But of course, all of this work and experimentation and discovery does not happen by magic. It requires funding — and the more the better.
Currently, the college only provides the team with a room to house its tanks and the lighting needed for experiments, though everything else — the necessary equipment, chemicals needed for analysis, etc. — is all either borrowed from other areas of the college or paid for out-of-pocket by team members or through donor generosity.
In an effort to try and lighten that financial load a bit — just one algae-growing tank can cost $4,000 — Kauffmann recently saw an opportunity to grow support for the AlgaeTown project by partnering with the crowdfunding group RocketHub.
Through that partnership, anyone visiting the RocketHub website, www.rockethub.com, simply has to do a quick search for AlgaeTown and they will be instantly transported to a dedicated AlgaeTown web page complete with videos, a detailed description of the project, and most importantly, the option to donate.
“Right now we’re doing crowdfunding on RocketHub to try and get enough money for things like paying for student work time so we can get more people working on the project more intensely,” Kauffmann said, “And also so we can get dedicated equipment that otherwise we’d have to share or just go without.”
In addition, Kauffmann noted that meeting the group’s financial goals would also allow the AlgaeTown team the ability to gather enough needed data to apply for advanced grants — grants which he said could help pay for things such as research infrastructure and expansion, product design and potentially manufacturing.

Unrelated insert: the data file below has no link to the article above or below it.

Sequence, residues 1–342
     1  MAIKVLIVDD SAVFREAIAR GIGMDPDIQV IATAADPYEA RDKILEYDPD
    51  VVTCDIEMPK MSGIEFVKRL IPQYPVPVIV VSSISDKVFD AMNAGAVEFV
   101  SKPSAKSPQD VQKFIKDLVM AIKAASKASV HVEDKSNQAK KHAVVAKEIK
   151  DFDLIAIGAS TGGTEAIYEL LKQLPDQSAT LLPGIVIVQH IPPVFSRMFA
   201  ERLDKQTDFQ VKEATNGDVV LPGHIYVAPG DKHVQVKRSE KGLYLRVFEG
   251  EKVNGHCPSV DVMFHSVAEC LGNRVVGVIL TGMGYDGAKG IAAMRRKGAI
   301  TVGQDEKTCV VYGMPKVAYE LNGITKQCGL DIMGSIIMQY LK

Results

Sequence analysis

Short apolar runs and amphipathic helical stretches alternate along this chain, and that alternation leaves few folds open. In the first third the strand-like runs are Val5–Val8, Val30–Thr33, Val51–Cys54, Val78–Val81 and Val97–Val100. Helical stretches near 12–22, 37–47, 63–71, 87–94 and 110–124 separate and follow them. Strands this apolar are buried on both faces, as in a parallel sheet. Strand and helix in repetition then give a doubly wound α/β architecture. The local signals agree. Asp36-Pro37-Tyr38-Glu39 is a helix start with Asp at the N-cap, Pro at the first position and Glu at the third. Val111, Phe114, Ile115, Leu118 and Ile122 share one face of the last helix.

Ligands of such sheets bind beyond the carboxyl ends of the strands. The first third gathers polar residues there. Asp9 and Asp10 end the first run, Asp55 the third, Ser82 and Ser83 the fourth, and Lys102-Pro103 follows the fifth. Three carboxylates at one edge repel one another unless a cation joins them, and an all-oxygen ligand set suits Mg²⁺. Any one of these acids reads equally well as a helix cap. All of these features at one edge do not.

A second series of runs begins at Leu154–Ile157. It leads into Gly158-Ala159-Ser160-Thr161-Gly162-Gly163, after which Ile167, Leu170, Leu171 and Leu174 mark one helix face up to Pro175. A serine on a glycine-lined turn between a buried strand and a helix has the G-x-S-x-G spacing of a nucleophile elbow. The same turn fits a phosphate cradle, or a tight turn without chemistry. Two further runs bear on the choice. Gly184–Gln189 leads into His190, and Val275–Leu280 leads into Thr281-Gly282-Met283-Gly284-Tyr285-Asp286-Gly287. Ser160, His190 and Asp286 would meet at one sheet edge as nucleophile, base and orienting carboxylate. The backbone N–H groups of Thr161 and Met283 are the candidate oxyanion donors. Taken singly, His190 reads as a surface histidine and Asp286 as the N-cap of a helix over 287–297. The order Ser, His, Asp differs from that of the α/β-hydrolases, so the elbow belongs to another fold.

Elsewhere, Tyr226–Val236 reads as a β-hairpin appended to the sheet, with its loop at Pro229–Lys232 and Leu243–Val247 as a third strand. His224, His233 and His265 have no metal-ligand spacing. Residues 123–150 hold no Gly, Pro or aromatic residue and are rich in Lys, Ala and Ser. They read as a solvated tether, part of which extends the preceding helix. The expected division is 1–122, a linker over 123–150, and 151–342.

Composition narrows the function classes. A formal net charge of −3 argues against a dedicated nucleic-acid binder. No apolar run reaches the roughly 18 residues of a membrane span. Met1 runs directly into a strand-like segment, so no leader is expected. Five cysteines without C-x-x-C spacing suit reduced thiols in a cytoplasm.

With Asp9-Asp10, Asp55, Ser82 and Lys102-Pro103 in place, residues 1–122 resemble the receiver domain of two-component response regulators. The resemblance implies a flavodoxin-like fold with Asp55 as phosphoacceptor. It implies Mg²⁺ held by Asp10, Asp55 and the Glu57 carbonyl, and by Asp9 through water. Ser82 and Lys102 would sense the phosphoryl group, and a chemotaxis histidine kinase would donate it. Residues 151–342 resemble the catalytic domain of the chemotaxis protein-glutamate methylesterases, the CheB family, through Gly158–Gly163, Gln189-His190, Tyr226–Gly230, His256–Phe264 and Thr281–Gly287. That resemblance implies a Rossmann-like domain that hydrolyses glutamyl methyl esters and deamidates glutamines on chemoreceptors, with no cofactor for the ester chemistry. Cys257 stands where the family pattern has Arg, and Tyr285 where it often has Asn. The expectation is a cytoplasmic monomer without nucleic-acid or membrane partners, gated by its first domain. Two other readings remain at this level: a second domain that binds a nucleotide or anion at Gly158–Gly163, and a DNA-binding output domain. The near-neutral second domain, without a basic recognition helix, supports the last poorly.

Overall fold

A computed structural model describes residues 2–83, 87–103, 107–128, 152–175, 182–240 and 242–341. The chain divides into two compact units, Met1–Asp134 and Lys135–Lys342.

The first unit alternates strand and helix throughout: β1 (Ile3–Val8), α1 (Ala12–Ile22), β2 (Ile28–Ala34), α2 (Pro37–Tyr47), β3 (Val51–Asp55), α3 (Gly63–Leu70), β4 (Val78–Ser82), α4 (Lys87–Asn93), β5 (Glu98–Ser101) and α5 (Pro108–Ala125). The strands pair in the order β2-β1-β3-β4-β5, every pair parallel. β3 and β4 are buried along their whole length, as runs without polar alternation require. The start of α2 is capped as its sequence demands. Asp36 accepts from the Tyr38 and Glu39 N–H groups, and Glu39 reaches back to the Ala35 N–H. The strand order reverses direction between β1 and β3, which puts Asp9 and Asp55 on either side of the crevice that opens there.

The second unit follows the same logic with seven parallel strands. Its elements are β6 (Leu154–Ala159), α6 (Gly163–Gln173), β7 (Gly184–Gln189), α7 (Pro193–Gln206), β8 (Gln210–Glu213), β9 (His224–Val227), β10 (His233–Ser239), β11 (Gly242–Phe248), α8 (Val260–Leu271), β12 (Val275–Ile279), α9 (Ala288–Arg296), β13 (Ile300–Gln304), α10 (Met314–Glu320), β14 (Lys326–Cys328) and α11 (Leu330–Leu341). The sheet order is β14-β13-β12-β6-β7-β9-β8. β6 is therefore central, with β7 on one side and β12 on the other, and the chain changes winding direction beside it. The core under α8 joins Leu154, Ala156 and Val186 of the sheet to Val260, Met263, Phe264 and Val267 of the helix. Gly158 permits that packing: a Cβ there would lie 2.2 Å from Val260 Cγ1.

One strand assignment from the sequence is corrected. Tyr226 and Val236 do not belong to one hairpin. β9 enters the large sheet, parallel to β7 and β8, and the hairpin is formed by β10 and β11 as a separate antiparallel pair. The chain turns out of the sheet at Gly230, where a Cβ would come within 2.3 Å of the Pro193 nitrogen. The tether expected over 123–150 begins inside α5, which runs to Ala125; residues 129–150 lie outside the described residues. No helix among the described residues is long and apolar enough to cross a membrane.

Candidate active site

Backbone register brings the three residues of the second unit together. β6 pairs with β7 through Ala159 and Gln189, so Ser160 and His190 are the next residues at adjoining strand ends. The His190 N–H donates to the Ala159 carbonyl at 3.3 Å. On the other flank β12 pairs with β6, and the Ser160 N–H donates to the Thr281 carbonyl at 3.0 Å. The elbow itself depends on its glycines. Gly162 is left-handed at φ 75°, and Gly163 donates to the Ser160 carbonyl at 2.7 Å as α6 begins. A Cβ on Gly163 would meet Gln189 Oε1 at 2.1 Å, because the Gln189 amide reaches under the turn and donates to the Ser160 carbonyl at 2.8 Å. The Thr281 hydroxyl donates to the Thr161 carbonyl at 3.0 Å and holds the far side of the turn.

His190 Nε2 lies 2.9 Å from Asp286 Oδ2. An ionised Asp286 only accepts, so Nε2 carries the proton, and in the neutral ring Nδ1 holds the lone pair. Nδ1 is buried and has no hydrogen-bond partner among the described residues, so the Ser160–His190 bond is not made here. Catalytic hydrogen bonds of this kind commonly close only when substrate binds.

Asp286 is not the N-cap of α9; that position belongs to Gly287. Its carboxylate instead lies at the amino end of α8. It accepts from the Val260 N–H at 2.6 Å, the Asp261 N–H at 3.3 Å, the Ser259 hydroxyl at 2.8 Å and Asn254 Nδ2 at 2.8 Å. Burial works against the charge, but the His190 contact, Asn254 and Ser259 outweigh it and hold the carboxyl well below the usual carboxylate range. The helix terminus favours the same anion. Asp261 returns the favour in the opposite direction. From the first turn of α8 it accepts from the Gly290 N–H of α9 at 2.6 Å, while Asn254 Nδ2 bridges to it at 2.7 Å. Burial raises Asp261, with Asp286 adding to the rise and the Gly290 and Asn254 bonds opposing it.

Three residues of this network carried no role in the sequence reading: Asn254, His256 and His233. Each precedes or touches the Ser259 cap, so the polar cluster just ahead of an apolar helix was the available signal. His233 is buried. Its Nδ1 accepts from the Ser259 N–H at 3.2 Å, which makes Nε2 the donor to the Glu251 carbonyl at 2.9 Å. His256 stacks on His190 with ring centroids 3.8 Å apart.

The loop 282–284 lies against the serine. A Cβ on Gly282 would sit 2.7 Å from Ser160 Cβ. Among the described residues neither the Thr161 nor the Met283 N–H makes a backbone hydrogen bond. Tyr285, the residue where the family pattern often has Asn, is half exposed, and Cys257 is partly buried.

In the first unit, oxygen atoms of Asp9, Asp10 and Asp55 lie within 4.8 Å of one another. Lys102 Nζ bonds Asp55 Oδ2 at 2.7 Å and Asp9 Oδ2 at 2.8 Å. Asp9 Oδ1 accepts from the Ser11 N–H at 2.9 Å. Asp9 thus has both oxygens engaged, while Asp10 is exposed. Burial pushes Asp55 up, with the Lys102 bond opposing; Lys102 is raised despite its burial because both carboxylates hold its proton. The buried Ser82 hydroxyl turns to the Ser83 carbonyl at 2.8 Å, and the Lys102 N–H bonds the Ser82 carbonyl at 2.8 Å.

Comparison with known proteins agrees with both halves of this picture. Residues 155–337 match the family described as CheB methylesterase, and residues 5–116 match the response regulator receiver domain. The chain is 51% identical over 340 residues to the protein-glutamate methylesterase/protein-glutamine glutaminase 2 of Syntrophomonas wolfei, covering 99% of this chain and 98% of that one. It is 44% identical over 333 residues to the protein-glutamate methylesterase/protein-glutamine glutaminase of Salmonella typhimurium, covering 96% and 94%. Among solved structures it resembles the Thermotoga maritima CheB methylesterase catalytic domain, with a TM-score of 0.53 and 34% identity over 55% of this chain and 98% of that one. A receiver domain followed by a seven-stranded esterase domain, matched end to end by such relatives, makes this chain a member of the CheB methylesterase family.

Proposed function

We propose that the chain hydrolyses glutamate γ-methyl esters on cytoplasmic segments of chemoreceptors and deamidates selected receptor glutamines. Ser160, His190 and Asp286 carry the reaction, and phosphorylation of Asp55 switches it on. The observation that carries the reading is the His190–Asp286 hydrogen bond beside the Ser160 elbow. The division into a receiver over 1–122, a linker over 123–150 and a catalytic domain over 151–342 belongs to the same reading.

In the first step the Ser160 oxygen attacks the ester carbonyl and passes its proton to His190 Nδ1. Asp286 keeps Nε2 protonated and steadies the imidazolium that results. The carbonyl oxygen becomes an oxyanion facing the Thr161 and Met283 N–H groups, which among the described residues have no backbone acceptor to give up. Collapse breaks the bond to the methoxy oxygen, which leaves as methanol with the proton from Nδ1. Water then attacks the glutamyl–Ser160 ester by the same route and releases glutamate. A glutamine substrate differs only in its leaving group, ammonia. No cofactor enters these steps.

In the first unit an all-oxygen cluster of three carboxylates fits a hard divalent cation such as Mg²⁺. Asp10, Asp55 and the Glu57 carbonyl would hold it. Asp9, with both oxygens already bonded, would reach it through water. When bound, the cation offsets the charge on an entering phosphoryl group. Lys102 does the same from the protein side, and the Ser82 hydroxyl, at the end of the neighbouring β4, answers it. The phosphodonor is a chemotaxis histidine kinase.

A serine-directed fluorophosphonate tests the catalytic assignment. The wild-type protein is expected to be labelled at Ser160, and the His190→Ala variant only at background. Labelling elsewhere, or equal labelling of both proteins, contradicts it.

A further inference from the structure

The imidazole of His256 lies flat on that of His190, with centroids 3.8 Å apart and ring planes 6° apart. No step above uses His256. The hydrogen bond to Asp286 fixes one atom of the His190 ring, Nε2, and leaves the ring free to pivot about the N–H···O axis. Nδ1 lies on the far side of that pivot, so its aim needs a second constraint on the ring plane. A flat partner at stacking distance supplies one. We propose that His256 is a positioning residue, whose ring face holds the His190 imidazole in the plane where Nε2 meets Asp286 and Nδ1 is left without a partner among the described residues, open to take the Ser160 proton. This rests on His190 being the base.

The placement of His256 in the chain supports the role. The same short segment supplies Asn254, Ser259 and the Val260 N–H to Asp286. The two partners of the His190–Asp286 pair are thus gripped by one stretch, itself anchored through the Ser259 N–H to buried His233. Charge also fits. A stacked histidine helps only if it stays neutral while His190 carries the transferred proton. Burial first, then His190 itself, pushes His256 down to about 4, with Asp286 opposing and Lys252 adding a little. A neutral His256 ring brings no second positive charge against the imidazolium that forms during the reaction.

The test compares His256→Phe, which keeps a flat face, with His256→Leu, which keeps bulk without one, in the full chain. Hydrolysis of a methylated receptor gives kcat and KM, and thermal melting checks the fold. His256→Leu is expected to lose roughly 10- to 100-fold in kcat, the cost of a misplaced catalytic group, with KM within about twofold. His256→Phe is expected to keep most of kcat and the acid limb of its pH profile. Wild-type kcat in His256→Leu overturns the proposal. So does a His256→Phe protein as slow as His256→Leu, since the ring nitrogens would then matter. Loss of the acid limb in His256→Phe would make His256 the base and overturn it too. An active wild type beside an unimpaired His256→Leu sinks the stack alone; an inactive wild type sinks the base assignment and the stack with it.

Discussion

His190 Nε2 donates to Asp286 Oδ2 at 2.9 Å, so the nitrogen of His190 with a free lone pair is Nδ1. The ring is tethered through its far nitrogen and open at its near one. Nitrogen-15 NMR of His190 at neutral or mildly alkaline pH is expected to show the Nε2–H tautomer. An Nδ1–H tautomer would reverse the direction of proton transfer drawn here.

“People can also donate directly to the college,” Kauffmann said. “Basically you just write a check and in the memo write AlgaeTown, because there is an AlgaeTown account in Goshen.”
So, all funding considerations aside, where does Kauffmann see the program heading in the future?
“Right now there are two distinct paths we could take,” Kauffmann said. “One is, it turns out to be such a significant advantage over what’s currently available that we would pursue an Indiana Small Business grant, which would allow us to reduce the cost of production and allow us to start producing it for people that would be able to see the statistics and say, ‘Oh, this is much more effective than our current system.’ Then, if it’s really good, we might start a small scale farm and see if it would be profitable, and so people could eventually start opening up uncultivatable lands to cultivation of algae.”
And the other path?
“What’s more likely is it probably won’t be quite ready anytime soon, so then we’ll have to just keep working on it until we can demonstrate that it is in fact ready,” Kauffmann said. “But with what I’ve seen from it so far, even with just this system, excluding what other people are doing on research, I think this will be a viable alternative for fuel eventually. We’re just going to have to keep working at it.”